Interest charges – You need to be disciplined about paying off what you owe on a credit card as soon as possible (and definitely before a 0% offer ends), or interest charges can soon mount up. Unlike loans, credit cards don’t require you to clear your balance within a certain timeframe.

Low minimum payments – Minimum monthly payments on cards are often set at very low levels. If you only pay this amount each month, not only will it take you longer to clear your debt, you’ll pay out far more in interest. So try to pay off more than the minimum if you can.

Low credit limits – Another downside is that credit cards usually don’t offer particularly high credit limits, so if you need to make a big purchase, you may not be able to borrow the sum you need.

Saving or Paying for Debt?

So it’s maybe nothing unexpected that we feel awful in the event that we don’t set cash aside for what’s to come.

In any case, does it bode well? A large portion of us would in truth be in an ideal situation on the off chance that we disregarded the counsel to spare and rather paid off our obligations.

Obligation discuss

Suppose a family has a charge card obligation of £1,000 and reserve funds of £1,000 in a simple get to account.

The loan fee on the charge card is 19%, which implies the obligation costs £190 a year. Be that as it may, the loan cost on the investment account is a negligible 2% net, so the yearly reserve funds premium is just £20 – before assessment (at 20%, 40% or 45%, contingent upon your expense band).

In other words, the family spends more on the debt than it earns on the savings – £170 more to be precise. So, if the family used the money in the savings account to clear the debt, they would be £170 better off a year.

# Tax change

Tax will take a smaller bite from our savings from April 2016, when the Personal Savings Allowance comes into force.

Basic rate taxpayers will then no longer pay tax on the first £1,000 of interest they earn from savings. For higher rate taxpayers, it’s the first £500.

But you should do the sums because you could still save money by not saving money.

The figures are particularly compelling because savings rates are currently so low. The top easy access account pays about 1.65%. Or you can earn about 1.5% in a tax-free cash individual savings account (ISA).

# Interest payments

The interest rates on personal loans, credit cards and overdrafts are usually much higher. The typical credit card rate, for example, is about 19%.

In other words, it is more expensive to borrow money than to save. Anyone with savings who also has costly debts should therefore consider using at least part of their savings to help clear their debts.

It makes sense to always pay off the most expensive debts first – and watch out for any penalties.

If you have a personal loan, for example, there could be a penalty of several months’ interest if you pay off the debt before the end of the loan term. It can still make financial sense to clear the debt, but you have to factor the penalty into your calculations.

The cheapest – and biggest – debt is usually the mortgage. You should therefore only pay off, or pay down, the mortgage if you have cleared other, more costly debts. Otherwise, the same calculation applies.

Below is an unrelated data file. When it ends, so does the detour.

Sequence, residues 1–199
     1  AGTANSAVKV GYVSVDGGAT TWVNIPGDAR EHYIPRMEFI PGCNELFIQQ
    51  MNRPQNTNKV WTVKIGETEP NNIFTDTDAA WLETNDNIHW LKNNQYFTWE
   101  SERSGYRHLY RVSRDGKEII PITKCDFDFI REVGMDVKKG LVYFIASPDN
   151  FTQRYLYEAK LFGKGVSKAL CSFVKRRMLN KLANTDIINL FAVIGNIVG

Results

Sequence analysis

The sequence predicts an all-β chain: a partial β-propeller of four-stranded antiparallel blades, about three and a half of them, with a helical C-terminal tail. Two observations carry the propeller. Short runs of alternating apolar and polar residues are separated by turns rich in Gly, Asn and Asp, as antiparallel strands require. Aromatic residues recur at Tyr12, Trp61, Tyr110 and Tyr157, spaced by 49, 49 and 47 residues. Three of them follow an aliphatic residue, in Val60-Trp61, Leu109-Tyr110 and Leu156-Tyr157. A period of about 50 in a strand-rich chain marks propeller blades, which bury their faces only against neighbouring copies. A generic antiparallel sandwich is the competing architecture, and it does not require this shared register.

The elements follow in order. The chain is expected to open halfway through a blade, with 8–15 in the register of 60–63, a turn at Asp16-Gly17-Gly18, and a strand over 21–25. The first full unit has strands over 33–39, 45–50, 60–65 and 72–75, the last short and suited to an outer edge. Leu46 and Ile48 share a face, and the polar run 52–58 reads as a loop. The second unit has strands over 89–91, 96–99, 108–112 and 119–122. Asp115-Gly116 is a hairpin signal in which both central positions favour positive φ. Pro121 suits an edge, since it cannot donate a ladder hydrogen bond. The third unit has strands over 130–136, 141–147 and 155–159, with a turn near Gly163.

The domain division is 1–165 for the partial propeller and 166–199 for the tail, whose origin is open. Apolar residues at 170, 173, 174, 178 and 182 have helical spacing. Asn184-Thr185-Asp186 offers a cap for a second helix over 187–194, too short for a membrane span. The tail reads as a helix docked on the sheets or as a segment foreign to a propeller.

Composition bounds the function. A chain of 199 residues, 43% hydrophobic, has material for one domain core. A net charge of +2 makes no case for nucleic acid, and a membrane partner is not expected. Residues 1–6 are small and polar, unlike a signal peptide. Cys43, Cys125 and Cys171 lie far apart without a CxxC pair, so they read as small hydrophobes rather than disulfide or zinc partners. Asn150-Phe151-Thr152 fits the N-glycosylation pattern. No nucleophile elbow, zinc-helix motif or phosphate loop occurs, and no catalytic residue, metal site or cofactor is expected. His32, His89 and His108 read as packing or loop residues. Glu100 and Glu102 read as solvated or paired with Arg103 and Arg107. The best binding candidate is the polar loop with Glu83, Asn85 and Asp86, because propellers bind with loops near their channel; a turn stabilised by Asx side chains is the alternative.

So, if the mortgage interest rate is higher than the savings interest rate, you should consider cutting down the amount you owe on the home loan.

 # Substantial savings

The savings can be substantial. Let’s assume you have a £100,000 repayment mortgage at 3.5% over 20 years. If you paid just £50 extra a month, you would clear the debt after 18 years and save a total of £4,700.

Penalties often apply if you clear all or some of your mortgage early, although more lenders these days allow you to pay off up to 10% of the outstanding debt each year without penalty.

Alternatively, you could consider an offset mortgage, where your savings are ‘offset’ against your borrowings.

For example, if you have a mortgage of £100,000 and savings of £10,000 you would pay mortgage interest only on £90,000. You can also usually access your savings in an emergency.

# Cheap borrowing

If it’s cheaper to borrow than to save, there’s nothing to gain by paying off debts.

For example, if you have a 0% credit card, you are effectively borrowing money for free. You should therefore keep any spare cash in a savings account where it can earn interest at a higher rate.

# Cash cushion

Some people are reluctant to empty their savings account because they feel exposed without a cushion of cash in case of an emergency.

Many experts also advise people to keep the equivalent of three months’ earnings in a savings account (if possible, of course).

But not everyone agrees – and some advisers argue that your emergency fund could be costing you dear.

Let’s go back to our fictitious family. Suppose they used their £1,000 savings to clear their debt, but then the car broke down. How would they pay for the repair?

Well, they could put the bill on the credit card, or possibly take out a loan or overdraft. They wouldn’t be any worse off, and would probably have already saved money on the interest payments.

Of course, if you don’t have access to credit, it’s a good idea to keep some money in a savings account in case of an emergency. You should also resist the temptation to get into a debt cycle. So, once you have paid off a debt, don’t then go on a spending spree.

# Pension priority

Pensions are possibly the exception to the rule about prioritising debt clearance over saving.

First, there are generous tax breaks on pensions.

Second, your employer might contribute to a workplace pension scheme on your behalf.

Also, the earlier you start to save into a pension the better as your money has more time before your retirement in which to grow.

You should therefore only prioritise debt clearance over pension savings if the interest payments on your debt are critically high.